“Whatever good is achieved by making a general commitment like that would only be expanded and furthered if he put out some names of people he’s considering,” said Fallon, an adviser on Hillary Clinton’s 2016 presidential campaign.
Pew Research found in August that 66% of Biden supporters identified Supreme Court nominations as a “very important” issue, more than the 61% of Trump supporters who said the same. That’s a reversal from 2016, when Pew found Trump’s supporters were 8 percentage points more likely than Clinton’s to consider the court a key issue.
There were key differences in 2016. Most important was a vacancy: Justice Antonin Scalia, a conservative icon, had died and Senate Majority Leader Mitch McConnell refused to consider President Barack Obama’s nominee, Merrick Garland, who would have tilted the court’s majority to the left. There is no vacancy now, despite considerable attention on the health of Justice Ruth Bader Ginsburg, the liberal wing’s 87-year-old leader.
Further, Trump in 2016 faced distrust among many conservatives, including white evangelicals, because of his support as a private citizen for Democratic politicians and public statements in favor of abortion rights and same-sex marriage. Trump turned that to his advantage by accepting help from the Federalist Society and other conservative legal advocates to compile a public list of would-be justices. He’s since nominated Justices Neil Gorsuch, who appeared on a preelection list in 2016, and Brett Kavanaugh, who appeared on a post-election list.
“Without that list, he wouldn’t have won,” Coons said.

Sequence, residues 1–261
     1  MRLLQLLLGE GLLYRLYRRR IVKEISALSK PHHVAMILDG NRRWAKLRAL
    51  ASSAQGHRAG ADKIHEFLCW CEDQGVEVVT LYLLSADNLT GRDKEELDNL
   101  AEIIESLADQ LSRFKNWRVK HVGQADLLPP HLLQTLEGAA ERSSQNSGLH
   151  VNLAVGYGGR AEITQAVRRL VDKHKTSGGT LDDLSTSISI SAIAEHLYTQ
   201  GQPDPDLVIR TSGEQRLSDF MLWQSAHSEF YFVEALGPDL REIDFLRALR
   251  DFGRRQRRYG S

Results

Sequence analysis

There is some irony in Supreme Court politics being such a potentially prominent variable in Biden’s presidential hopes.
The conservative political movement on the judiciary blossomed after Biden, as Senate Judiciary chair, helped scuttle the nomination of conservative firebrand Robert Bork submitted by President Ronald Reagan in 1987. Biden angered some women four years later during the confirmation hearings of another conservative, Clarence Thomas, because of senators’ treatment of Anita Hill, who accused Thomas of sexual harassment. Biden voted against Thomas, but he was confirmed.
Even a 5-4 Supreme Court majority deciding the 2000 presidential election in favor of Republican George W. Bush over Democrat Al Gore did little to shift campaign dynamics concerning the court. All five justices in the majority were nominated by Republican presidents.
“Kitchen-table issues, health care and economics have always resonated more with our voters,” said Donna Brazile, a former Democratic Party chair and Gore’s campaign manager.
Fallon acknowledged, “much to my chagrin,” that it would be a first for Democrats to leverage the court as a key presidential issue more effectively than Republicans.
Finney said part of the challenge is the Democrats are mostly protecting existing precedent, while conservatives have spent decades trying to reclaim lost turf, from the Roe v. Wade decision legalizing abortion nationwide to decades of rulings on civil rights and the expansion of federal power. In short, it’s harder to get voters on the left to understand potential threats to rights they already take for granted.
“Republicans have been better at using fear as a motivator,” Finney said. A board member of NARAL, an abortion-rights group, Finney added: “I’ve had people say to me, ‘Do we really need NARAL anymore? Aren’t our abortion rights safe?’ No!”
Another example: A divided Supreme Court in 2013 gutted key provisions of the Voting Rights Act, but Democrats didn’t make that an issue in 2016 even with the vacancy from Scalia’s death.
If there’s a shift in 2020, Finney predicted it won’t come from Biden or his promise of a historic nomination. “Trump’s list is a motivating factor by itself,” she said. “There is no Democrat who wants to see Ted Cruz on the Supreme Court.”